If you're basically doing OK by helical and circle milling these I'd be inclined to improve that method to eliminate deflection and chatter.
    The best way I can think of to achieve that is to have custom carbide end mills ground up with the biggest longest shanks you can get away with.
    Predrill all you can with a custom HSS step drill so it's a one-shot deal to knock out the worst of the meat, then kiss the sidewalls as you're doing but with your nice stiff cutters that have no setscrews or collets or shrink fits or anything to compromise their rigidity.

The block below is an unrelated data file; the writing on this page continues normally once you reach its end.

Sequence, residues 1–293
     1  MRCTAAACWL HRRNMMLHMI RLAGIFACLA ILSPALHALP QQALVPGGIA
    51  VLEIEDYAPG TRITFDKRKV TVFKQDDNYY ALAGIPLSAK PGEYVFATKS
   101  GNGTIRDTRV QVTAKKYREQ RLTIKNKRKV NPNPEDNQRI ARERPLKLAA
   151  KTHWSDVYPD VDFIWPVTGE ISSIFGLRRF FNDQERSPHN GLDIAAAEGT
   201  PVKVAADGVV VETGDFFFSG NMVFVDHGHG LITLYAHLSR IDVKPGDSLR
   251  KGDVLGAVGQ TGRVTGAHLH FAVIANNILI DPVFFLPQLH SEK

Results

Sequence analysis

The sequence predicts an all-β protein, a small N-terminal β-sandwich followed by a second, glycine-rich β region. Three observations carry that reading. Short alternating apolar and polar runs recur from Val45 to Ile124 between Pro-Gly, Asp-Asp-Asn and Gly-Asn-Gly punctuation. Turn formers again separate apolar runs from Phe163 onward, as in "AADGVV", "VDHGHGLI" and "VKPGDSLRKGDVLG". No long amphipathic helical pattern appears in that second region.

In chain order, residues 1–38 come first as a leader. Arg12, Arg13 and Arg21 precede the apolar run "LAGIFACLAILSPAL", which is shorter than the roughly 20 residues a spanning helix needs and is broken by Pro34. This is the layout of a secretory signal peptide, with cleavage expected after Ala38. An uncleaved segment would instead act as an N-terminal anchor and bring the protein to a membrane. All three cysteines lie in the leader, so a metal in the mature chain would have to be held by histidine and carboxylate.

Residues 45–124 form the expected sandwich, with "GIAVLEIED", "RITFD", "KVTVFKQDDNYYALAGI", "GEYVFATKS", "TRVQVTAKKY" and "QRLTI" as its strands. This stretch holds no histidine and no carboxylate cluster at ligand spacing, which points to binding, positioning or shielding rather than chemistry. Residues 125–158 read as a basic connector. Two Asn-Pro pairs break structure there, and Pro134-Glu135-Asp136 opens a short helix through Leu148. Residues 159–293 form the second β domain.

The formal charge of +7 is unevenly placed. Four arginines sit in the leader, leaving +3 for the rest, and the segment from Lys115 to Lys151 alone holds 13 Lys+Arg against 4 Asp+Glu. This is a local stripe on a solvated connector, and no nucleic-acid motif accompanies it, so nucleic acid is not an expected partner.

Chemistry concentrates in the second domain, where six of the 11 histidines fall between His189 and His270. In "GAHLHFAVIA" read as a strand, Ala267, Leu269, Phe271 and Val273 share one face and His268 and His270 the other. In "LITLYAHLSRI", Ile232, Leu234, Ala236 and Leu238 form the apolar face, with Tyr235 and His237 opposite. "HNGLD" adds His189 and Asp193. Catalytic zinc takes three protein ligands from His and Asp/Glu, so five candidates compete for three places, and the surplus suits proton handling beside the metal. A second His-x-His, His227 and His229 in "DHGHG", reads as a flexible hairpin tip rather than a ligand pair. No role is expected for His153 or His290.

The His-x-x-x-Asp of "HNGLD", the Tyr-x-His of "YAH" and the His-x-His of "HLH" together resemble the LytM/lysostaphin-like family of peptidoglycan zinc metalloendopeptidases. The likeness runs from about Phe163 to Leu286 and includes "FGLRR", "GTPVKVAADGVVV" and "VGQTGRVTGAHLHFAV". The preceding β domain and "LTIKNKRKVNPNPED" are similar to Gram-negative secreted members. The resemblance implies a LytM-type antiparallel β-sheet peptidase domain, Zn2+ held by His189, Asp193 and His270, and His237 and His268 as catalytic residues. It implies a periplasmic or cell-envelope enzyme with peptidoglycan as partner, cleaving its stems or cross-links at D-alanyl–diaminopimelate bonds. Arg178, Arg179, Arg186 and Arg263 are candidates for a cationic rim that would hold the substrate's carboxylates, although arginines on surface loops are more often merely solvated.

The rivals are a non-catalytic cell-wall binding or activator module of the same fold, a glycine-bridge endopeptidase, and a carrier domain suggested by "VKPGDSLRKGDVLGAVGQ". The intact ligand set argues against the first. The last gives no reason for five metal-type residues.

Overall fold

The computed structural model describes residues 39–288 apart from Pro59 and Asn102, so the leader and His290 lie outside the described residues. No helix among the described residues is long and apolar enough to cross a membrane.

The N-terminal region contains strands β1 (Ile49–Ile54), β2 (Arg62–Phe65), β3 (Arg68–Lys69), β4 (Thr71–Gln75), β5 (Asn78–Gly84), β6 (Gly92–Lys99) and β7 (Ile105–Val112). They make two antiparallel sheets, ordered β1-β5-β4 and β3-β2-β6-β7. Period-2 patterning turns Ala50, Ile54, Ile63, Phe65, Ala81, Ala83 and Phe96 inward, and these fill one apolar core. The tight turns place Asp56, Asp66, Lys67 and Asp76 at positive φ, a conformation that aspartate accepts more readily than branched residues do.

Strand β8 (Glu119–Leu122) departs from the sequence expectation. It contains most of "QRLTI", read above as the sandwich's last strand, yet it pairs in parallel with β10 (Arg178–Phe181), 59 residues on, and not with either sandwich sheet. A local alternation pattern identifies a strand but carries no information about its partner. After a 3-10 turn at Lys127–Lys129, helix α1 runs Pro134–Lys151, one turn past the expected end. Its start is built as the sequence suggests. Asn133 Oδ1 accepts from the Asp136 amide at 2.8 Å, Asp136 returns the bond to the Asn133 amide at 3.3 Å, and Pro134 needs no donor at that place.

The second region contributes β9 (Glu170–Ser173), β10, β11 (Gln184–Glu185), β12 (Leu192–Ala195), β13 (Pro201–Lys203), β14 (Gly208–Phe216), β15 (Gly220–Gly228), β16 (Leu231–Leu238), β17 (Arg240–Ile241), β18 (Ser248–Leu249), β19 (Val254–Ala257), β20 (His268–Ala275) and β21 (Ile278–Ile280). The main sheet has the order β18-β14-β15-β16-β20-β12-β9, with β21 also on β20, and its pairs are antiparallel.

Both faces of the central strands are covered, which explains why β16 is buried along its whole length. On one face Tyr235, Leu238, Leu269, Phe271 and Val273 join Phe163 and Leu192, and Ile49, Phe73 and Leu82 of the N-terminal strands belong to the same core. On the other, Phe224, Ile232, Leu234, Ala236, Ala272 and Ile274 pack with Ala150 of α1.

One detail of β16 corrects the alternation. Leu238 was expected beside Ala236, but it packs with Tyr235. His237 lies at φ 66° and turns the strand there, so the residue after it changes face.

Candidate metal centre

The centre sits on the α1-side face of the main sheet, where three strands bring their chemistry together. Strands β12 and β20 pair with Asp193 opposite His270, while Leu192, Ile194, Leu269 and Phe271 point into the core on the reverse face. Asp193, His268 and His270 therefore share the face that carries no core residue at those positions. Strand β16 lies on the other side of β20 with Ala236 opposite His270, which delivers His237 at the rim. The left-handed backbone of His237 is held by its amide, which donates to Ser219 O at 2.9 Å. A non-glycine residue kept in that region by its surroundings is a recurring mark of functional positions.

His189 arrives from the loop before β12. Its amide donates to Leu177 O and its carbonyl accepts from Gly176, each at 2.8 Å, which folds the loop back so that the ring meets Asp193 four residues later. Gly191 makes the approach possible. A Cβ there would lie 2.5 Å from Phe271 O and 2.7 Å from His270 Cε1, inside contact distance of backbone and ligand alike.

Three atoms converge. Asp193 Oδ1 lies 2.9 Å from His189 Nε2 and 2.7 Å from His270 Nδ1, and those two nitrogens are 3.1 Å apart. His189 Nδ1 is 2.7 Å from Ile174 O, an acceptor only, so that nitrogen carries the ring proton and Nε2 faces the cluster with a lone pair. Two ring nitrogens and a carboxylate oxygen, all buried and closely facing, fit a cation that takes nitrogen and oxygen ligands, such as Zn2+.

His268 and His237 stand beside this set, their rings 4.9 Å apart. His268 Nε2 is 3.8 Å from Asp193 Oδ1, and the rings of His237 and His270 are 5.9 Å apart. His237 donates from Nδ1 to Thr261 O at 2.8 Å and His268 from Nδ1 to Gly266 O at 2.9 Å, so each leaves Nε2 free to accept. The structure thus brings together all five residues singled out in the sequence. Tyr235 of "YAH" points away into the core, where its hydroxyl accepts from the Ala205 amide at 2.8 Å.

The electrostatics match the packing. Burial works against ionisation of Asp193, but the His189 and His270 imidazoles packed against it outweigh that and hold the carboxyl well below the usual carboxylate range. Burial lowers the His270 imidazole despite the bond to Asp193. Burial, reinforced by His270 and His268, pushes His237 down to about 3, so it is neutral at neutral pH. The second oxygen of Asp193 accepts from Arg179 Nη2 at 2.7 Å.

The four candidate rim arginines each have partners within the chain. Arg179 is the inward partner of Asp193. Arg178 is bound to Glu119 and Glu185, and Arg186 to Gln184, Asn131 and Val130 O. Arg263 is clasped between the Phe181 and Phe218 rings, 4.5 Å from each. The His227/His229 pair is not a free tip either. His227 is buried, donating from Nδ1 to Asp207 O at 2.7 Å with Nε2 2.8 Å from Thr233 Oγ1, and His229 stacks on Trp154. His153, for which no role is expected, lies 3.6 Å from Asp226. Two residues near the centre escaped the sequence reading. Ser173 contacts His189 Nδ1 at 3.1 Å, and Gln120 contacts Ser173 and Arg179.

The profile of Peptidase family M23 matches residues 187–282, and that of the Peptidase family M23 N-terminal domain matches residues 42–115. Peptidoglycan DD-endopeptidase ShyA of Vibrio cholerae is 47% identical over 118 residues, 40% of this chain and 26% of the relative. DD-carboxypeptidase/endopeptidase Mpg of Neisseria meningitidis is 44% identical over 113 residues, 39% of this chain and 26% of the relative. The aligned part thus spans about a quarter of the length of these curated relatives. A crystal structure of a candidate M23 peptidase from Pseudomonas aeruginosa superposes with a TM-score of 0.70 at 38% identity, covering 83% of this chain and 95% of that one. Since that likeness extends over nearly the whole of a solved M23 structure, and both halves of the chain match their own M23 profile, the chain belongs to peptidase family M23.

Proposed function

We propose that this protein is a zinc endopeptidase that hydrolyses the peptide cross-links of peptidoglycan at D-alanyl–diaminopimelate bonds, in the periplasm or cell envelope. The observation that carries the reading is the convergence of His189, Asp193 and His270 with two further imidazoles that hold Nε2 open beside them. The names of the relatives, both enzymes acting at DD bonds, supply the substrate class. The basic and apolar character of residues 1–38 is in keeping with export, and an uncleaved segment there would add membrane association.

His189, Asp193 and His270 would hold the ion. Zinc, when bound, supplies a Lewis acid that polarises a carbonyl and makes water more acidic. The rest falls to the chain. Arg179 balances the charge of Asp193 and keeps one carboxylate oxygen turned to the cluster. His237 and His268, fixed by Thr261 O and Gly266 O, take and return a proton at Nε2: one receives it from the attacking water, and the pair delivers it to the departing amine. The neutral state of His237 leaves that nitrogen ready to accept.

Alfred Lyon at AB Tools will happily grind you up cutters like this and they're not that expensive compared to farting around with tiny boring bars and whatnot.
    If your smallest diameter is 0.098", I'd go with a 2 mm diameter 4 flute cutter with a 0.125" flute depth, necked back to allow you to mill all three steps with the same tool and a 3/8" shank if you can still clear the corners of the part with your biggest orbit using that size shank.
    If you can squeeze in an even bigger shank; do that!

    Plan to kiss out 0.005" or so after your step drilling procedure.
    Using that approach you should do pretty good and if your boss squawks about the price of the cutters tell him to piss off!

    It's a bit of a shitty job so you deserve to have decent tools to make it easier for you.

    Cheers

    Marcus
    Implant Mechanix • Design & Innovation > HOME